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Confident MU rallies for win

Missouri capitalized on Texas Tech’s ninth-inning control problems
Monday, April 30, 2007 | 12:00 a.m. CDT; updated 3:45 p.m. CDT, Saturday, July 19, 2008
Missouri outfielder Aaron Senne reaches out to grab a fly ball on Sunday. Senne and the Tigers are in second place in the Big 12 standings.

Missouri baseball coach Tim Jamieson says one-run games mean a lot. If a team can win when games stay close, he says, then its players will build confidence that will bring more wins later.

There might just be something to Jamieson’s theory.

As Missouri entered its third and final game against Texas Tech on Sunday at Taylor Stadium, its record in one-run games was 8-1. But after a two-run, ninth-inning home run by Red Raiders first baseman James Leverton turned a one-run Missouri lead into a one-run deficit, the Tigers needed all the confidence they could muster to earn the win and record their first three-game sweep in Big 12 Conference play.

Almost expectedly, they mustered enough, winning 6-5.

Missouri (31-12, 12-6 Big 12) sent the top of its order to bat to lead off the bottom of the ninth. Center fielder Evan Frey, who had reached first base safely in eight of his previous 14 plate appearances over the weekend, got on base by way of a four-pitch walk. After second baseman Brock Bond’s sacrifice bunt put Frey into scoring postion, right fielder Ryan Lollis, Missouri’s leading RBI producer, turned the first pitch he saw into a double down the right field line to drive in Frey and tie the game at 5. Missouri had again avoided disaster in the home half of the ninth inning.

But, having survived so many close games already in the season, it seemed as though the Tigers had too much confidence to let the game continue into extra innings.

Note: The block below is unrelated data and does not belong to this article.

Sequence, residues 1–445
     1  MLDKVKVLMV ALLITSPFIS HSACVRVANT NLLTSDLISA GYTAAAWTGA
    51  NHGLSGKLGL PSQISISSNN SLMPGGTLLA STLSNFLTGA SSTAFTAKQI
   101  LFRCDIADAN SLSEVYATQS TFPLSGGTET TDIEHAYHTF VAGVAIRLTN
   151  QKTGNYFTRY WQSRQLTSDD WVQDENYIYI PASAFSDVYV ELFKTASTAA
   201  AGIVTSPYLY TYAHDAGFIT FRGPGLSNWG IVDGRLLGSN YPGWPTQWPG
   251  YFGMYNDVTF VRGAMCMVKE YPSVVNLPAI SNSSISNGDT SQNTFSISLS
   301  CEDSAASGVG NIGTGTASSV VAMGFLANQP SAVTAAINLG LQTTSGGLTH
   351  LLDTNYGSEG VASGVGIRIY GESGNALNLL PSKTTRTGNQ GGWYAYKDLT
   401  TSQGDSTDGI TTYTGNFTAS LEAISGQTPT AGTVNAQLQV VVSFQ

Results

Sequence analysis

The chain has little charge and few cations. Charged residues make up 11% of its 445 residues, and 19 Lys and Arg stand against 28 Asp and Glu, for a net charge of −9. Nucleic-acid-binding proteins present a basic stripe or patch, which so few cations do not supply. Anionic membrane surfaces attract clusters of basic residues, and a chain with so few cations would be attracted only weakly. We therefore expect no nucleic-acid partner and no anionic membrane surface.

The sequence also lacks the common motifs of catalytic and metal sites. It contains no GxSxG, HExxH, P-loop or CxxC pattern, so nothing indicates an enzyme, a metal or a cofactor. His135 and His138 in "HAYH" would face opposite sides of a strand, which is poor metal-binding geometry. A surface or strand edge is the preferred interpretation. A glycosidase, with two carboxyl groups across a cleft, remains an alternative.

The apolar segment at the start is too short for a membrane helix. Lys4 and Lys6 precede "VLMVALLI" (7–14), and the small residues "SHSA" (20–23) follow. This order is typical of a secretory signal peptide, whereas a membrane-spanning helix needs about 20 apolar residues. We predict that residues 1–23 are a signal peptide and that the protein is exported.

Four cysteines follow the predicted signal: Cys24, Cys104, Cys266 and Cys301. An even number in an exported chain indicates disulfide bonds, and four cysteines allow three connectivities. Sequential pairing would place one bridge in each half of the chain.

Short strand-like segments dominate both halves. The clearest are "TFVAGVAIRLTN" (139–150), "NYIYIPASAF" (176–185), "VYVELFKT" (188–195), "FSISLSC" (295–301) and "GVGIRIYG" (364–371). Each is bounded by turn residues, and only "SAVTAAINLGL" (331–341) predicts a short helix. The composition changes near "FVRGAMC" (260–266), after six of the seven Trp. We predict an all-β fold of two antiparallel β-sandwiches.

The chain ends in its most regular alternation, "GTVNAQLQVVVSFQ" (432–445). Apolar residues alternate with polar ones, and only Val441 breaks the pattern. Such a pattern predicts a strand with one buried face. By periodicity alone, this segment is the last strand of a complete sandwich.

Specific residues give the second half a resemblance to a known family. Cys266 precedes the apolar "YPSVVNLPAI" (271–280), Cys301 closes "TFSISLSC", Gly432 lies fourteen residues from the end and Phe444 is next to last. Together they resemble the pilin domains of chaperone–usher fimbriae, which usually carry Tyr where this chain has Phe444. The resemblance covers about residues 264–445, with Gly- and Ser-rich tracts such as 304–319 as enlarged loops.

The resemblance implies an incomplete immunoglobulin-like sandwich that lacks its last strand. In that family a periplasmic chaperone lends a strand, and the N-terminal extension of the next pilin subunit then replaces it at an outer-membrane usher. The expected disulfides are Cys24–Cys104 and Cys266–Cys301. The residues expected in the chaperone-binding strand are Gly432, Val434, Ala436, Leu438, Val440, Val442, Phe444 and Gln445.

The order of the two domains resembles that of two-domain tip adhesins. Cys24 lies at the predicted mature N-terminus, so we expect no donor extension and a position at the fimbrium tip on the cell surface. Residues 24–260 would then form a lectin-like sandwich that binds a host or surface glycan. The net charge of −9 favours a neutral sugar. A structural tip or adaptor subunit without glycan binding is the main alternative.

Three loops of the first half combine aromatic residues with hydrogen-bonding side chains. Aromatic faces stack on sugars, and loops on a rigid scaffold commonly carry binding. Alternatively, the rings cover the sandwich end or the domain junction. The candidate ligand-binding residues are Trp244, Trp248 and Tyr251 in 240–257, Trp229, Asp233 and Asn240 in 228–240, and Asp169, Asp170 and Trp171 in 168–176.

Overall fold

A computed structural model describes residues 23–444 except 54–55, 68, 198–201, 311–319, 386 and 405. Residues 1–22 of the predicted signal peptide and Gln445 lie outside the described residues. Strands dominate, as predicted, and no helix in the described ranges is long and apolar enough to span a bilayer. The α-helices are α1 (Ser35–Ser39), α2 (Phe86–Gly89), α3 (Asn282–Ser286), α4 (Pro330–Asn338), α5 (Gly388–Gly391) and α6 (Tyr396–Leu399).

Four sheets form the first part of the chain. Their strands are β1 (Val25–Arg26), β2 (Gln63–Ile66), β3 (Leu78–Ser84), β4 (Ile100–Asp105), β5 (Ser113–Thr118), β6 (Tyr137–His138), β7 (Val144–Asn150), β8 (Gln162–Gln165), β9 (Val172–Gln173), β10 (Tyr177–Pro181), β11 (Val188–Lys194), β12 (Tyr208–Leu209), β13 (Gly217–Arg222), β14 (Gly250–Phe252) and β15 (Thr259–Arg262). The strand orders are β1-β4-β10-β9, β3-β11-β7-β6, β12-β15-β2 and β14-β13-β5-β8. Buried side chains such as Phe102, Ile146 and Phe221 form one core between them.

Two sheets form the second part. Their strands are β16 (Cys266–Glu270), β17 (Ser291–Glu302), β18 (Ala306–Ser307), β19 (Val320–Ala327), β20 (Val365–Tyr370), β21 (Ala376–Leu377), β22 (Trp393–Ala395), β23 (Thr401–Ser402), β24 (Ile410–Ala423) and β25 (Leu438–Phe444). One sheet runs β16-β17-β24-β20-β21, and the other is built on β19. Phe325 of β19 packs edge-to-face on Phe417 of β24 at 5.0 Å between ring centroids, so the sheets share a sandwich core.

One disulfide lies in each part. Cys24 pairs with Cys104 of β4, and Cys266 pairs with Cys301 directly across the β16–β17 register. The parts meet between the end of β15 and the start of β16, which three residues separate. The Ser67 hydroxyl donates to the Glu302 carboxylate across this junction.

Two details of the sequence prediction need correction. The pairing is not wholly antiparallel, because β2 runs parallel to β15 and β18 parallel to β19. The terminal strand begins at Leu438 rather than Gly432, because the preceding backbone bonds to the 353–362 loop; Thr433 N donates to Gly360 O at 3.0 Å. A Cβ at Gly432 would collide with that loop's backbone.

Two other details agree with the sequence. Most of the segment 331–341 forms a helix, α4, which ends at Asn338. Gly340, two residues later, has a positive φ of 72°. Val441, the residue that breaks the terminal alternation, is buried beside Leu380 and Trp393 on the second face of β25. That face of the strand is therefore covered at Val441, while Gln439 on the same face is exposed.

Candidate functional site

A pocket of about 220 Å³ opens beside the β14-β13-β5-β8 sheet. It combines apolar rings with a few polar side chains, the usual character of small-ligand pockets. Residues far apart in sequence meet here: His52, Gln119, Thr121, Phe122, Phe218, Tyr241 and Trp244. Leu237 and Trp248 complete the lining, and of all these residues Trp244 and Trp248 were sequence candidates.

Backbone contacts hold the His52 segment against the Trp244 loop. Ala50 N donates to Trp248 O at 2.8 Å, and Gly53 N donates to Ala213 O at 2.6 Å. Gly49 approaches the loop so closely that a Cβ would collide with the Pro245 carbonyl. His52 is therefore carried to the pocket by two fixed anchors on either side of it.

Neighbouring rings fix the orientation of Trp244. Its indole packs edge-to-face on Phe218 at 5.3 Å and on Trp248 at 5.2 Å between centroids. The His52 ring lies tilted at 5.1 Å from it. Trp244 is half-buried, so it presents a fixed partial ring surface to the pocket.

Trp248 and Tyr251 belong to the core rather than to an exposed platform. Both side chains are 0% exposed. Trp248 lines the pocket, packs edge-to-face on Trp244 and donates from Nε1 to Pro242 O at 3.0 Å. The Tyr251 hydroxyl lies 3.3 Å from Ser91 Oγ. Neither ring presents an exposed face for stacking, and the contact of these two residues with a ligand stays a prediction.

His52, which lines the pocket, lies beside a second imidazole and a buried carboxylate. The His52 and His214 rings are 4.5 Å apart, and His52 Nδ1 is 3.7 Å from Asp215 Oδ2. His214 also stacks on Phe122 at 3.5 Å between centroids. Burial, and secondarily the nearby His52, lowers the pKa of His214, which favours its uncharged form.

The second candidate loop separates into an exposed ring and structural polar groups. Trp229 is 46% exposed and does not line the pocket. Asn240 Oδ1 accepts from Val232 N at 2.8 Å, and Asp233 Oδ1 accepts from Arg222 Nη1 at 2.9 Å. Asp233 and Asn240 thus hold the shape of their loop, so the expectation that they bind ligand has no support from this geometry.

Designated hitter Jacob Priday came to bat following Lollis’ double.

But with a runner on second and one out, the Red Raiders wanted to avoid Priday, who had already hit two home runs and a double to drive in four of Missouri’s runs. So, the Red Raiders called on A.J. Ramos, who started Friday night’s game, to replace reliever Travis Young following Lollis’ double.

Ramos’ first task was to issue an intentional walk to Priday. But the decision to have Ramos intentionally walk the first batter he faced seemed odd for Texas Tech (25-21, 7-13 Big 12). After warming up and preparing to pitch, the walk might have taken away much of Ramos’ control.

Whether or not that was the case, Ramos followed the intentional walk of Priday by unintentionally walking Missouri catcher Trevor Coleman in four pitches.

With the bases loaded and his control lagging, Ramos managed to strike out Missouri left fielder Aaron Senne for the second out of the inning. But Ramos again lost control with Missouri third baseman Kyle Mach at the plate.

Ramos’ second pitch to Mach sailed past catcher Matt Smith and hit the backstop behind home plate. Lollis stole home on the wild pitch to win the game.

After the game, Frey said the team’s previous success in similarly close situations made the dramatics feel almost routine.

“That’s not the first time we’ve been there,” he said confidently. “We know how to win.”

Despite having gone 0-for-4 in his first four at bats of the game, Lollis said he relishes opportunities to perform in the clutch.

“I love being in those pressure situations,” he said. “We’re confident that we can win any game.”

After hosting Missouri State for one game on Wednesday night at Taylor Stadium, Missouri will face perhaps its most difficult test next weekend. The Tigers, now alone in second place in the Big 12 and 3½ games out of first, are set to face Texas (37-12, 17-4 Big 12), the conference’s top team, in Austin. The Tigers swept the Longhorns over three games when they last met last year, but Jamieson said that this year’s series will put the Tigers’ confidence to the test.

“I have a feeling that it’s going to be pretty tough heading down there (to Texas) this time,” he said. “But I think we’re in great shape.”


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